3 ridiculous mobile design assumptions to avoid

  • Previous
  • 1 of 4
  • View as single page

While the industry has been talking about and executing on mobile for quite some time, mobile website design is still within the infancy stage. In speaking with many marketers and agencies currently entrenched within the mobile market, I have learned there are many assumptions made during the design process. When overlaying these conversational themes with mobile website evaluation (through use of on-site consumer feedback), there is a need to define these assumptions in an attempt to save those on a path to a flawed design.

3 ridiculous mobile design assumptions to avoid

Assumption No. 1: Create the design based on best-guess about reason for usage

From the beginning, one of the value propositions of mobile sites (an assumption, by my definition) is that consumers are using mobile sites to make purchase decisions while in the store at the shelf. Let's take a moment to dissect this, as I often hear that this proposition triggers brands to invest in mobile website design.

A few questions to think about when building a site for this type of mobile usage:

  1. Are consumers aware of or thinking about the mobile site while in store?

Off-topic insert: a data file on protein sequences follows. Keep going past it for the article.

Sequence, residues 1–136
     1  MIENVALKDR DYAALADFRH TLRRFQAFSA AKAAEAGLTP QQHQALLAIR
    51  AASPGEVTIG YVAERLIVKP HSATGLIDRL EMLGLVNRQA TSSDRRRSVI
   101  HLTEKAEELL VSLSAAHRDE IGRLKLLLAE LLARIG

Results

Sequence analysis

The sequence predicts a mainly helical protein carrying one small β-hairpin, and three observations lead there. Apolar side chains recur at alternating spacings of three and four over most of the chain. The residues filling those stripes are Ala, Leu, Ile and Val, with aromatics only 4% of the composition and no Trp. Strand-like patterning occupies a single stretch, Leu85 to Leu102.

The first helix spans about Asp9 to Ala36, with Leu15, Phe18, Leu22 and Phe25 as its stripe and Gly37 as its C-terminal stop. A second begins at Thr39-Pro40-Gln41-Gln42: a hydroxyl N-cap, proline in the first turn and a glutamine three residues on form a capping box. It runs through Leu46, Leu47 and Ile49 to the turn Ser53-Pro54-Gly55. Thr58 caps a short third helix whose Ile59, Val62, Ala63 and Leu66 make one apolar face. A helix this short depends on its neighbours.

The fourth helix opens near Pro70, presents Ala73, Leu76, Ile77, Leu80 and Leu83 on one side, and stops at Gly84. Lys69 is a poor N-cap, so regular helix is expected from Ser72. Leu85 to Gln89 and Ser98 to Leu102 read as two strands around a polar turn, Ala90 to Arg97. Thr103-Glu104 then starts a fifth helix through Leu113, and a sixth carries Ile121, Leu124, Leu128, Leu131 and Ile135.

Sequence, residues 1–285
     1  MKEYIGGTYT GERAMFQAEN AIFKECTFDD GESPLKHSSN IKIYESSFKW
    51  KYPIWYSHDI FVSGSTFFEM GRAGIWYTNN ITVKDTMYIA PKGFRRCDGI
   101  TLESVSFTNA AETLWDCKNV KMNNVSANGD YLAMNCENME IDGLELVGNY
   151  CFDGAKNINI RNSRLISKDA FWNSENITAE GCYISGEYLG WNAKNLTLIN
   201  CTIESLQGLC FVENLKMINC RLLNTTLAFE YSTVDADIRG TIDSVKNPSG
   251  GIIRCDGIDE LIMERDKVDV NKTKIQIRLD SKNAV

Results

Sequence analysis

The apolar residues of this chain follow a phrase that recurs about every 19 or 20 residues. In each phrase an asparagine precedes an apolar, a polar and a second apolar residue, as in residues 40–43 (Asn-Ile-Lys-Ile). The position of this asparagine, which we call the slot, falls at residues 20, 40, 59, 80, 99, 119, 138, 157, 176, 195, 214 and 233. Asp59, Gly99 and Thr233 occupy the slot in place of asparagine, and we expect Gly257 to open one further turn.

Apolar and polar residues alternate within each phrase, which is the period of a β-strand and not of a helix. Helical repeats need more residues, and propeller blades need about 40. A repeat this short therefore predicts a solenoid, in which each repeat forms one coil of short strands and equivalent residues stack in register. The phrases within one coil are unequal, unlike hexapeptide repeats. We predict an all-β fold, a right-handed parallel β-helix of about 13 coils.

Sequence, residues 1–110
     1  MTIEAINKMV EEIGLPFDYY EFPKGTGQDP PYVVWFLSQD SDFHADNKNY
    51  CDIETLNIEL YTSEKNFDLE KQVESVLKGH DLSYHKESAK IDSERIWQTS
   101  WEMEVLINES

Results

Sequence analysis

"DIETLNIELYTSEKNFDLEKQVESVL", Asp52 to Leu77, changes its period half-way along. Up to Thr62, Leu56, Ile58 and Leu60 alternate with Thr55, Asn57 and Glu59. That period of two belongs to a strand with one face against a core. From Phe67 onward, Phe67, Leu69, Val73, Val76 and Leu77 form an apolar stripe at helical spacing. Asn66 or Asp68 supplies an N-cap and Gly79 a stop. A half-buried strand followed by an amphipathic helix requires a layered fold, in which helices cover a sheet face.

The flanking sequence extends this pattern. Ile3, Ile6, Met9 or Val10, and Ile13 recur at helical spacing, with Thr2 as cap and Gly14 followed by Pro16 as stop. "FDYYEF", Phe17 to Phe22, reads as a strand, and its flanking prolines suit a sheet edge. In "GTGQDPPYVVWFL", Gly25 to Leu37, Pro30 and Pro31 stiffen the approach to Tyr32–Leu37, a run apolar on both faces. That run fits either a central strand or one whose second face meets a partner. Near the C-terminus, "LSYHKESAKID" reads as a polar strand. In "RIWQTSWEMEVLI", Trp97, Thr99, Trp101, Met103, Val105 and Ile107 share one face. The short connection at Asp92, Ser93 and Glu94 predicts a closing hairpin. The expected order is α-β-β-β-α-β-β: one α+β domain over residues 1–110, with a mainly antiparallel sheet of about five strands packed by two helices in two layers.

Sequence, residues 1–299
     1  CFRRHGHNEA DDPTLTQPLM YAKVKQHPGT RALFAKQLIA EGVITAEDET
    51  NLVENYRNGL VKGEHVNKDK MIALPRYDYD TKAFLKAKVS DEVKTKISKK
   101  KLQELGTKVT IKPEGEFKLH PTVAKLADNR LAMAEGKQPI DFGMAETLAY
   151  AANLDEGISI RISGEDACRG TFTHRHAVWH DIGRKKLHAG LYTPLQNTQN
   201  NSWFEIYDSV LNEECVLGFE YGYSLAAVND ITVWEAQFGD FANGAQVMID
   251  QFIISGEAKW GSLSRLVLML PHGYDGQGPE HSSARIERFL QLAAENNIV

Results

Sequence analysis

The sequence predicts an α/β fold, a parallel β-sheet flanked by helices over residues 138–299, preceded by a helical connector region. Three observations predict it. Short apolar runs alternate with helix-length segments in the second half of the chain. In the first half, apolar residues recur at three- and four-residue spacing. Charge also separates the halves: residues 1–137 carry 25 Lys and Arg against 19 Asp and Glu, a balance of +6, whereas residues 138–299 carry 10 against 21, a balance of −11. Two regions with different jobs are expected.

2. Will consumers take time to slow down their shopping trip and check out mobile site offerings or are there other times of convenience?
  3. What is the likelihood of making a connection with the shopper? How many mobile sites can they actively visit during one shopping trip -- one, three, 12?

Seeing how mobile usage is growing, mobile site visitors are probably inclined to use these sites above and beyond a trip to the store. If this is the case, isn't it important to build a mobile site that caters to other needs beyond just an in-store visit? Choosing the wrong items to incorporate into mobile design is sometimes more detrimental to the brand than not having a mobile site at all.

3 ridiculous mobile design assumptions to avoid

For instance, in the case featured above, mobile visitors were using the site to find a store that carried the product ("where to buy"). However, the mobile site design was suited for an in-store experience only, hence overlooking a "store locator" feature on the m-site. Overall, when exposed to the mobile site purchase intent decreased 21 percent (leading to the conclusion that designing a mobile site with "guesstimates" is ineffective).

 

Comments

Jo Oskoui
Jo Oskoui April 2, 2013 at 2:46 PM

Great article. Just a bit surprised you didn't mention Responsive Web Design.